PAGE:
Broadband Providers Face New Limits on Sharing Web Trackingby
FCC proposes rules to demand more customer notification
Agency to consider rules with initial vote on March 31
Broadband providers would need to get permission from consumers before divulging online habits to other companies under the proposal from U.S. Federal Communications Commission Chairman Tom Wheeler. The rules need to succeed in two votes, including an initial test at an FCC meeting on March 31, before becoming final.
“Every broadband consumer should have the right to know what information is being collected and how it is used,” Wheeler said in an article on the Huffington Post website.
The proposal focuses on information collected by network providers, and doesn’t cover the privacy practices of websites that consumers visit, Wheeler said. The Federal Trade Commission and other agencies deal with companies and their privacy practices, he said.
The proposed rules would “empower consumers to ensure they have control over how their information is used by their Internet-service provider,” Wheeler said.
Even before the FCC released its proposal, AT&T said it objects to imposing “unique” requirements on Internet service providers, since Web companies such as search engines have access to more information about online behavior.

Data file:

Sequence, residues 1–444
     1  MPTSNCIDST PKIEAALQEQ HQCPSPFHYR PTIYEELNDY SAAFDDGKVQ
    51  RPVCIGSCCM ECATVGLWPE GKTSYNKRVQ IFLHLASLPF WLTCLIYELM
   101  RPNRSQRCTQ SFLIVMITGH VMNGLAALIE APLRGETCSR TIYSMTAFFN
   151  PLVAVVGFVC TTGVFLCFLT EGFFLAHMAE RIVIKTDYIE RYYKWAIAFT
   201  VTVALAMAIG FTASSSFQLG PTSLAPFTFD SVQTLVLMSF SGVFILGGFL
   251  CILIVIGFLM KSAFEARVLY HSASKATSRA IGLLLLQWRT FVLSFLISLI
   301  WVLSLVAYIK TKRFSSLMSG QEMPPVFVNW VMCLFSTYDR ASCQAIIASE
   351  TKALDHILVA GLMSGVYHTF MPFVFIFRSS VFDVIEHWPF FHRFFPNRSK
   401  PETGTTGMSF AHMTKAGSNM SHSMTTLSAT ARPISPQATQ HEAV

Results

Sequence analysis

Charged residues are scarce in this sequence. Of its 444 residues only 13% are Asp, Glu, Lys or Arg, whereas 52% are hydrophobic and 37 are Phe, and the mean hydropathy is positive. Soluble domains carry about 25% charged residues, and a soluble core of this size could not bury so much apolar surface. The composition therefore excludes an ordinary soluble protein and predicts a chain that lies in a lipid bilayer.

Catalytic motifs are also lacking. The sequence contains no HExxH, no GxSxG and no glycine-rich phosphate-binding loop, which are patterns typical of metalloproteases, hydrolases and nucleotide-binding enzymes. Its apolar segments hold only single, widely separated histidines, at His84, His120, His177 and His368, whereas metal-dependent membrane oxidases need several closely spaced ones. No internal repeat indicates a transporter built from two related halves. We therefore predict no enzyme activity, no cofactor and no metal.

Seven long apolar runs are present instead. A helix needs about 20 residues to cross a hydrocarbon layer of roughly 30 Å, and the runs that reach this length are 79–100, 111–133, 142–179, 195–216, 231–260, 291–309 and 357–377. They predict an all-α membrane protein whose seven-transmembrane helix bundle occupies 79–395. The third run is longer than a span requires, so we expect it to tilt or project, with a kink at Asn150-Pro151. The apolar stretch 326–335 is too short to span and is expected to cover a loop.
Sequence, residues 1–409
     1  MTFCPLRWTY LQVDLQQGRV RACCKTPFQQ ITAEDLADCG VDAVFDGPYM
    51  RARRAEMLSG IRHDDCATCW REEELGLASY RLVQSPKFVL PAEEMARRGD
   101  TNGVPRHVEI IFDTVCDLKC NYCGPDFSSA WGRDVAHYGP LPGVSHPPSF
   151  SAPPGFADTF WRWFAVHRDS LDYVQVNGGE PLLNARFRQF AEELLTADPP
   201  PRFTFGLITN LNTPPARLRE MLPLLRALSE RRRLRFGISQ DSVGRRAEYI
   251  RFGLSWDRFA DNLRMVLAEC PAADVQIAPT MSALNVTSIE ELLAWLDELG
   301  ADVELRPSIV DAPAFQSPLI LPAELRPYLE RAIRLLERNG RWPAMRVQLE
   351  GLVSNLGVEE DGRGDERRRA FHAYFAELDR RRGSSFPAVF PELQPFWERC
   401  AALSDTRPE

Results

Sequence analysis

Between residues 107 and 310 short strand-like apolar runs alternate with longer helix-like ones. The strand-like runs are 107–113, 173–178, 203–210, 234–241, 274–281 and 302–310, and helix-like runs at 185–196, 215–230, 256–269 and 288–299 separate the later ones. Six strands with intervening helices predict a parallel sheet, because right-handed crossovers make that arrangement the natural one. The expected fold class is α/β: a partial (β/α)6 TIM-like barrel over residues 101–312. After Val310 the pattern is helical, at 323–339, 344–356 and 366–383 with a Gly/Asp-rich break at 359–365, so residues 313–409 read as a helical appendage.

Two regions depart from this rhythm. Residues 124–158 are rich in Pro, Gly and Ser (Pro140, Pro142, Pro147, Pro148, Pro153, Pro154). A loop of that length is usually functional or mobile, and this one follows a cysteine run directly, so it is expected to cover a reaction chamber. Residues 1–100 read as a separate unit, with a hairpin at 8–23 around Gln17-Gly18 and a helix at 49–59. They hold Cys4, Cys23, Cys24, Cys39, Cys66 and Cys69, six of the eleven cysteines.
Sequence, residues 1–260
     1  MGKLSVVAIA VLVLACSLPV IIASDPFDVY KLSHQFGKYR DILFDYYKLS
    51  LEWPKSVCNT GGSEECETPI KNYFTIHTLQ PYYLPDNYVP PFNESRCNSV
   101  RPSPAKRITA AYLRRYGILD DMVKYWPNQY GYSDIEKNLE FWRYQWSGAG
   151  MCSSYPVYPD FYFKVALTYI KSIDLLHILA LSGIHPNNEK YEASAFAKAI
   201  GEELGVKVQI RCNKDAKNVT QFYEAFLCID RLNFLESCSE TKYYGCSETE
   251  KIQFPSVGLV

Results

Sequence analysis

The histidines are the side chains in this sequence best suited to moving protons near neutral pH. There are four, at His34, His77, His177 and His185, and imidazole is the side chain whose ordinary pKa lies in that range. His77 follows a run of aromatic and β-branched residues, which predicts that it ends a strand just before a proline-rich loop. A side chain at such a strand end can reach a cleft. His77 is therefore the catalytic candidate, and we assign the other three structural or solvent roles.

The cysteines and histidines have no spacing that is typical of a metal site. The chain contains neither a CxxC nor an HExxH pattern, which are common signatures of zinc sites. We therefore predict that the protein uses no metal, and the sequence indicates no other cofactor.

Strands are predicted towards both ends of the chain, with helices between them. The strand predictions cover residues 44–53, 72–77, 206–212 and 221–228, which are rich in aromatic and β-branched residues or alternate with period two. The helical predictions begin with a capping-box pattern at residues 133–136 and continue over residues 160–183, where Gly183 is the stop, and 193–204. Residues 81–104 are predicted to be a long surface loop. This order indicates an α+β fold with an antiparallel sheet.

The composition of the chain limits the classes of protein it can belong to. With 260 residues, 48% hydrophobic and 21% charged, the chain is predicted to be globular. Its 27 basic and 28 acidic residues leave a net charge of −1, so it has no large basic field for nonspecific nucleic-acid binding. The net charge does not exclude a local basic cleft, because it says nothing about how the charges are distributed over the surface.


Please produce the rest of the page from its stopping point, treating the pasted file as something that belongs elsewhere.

“Consumers expect and deserve consistent privacy protections for their online data, regardless of which company is collecting it,” Bob Quinn, the company’s senior vice president-federal regulatory, said in a blog post.
Companies want a less prescriptive approach that would say privacy can’t be deceptive or unfair, trade groups said in a Feb. 11 letter to the FCC. The groups include USTelecom, representing companies led by AT&T and Verizon Communications Inc., and the National Cable & Telecommunications Association, with members including largest U.S. cable provider Comcast.
Policy groups want strong rules to protect consumers from having their personal data collected and shared by broadband providers without consent, according to a January letter with signers including Public Knowledge, the American Civil Liberties Union and the Consumer Federation of America.
New policy could offer consumers clarity about how companies handle their data, said Harold Feld, senior vice president at the policy group Public Knowledge. “Part of the issue is, people don’t at all know what’s going on,” Feld said in an interview.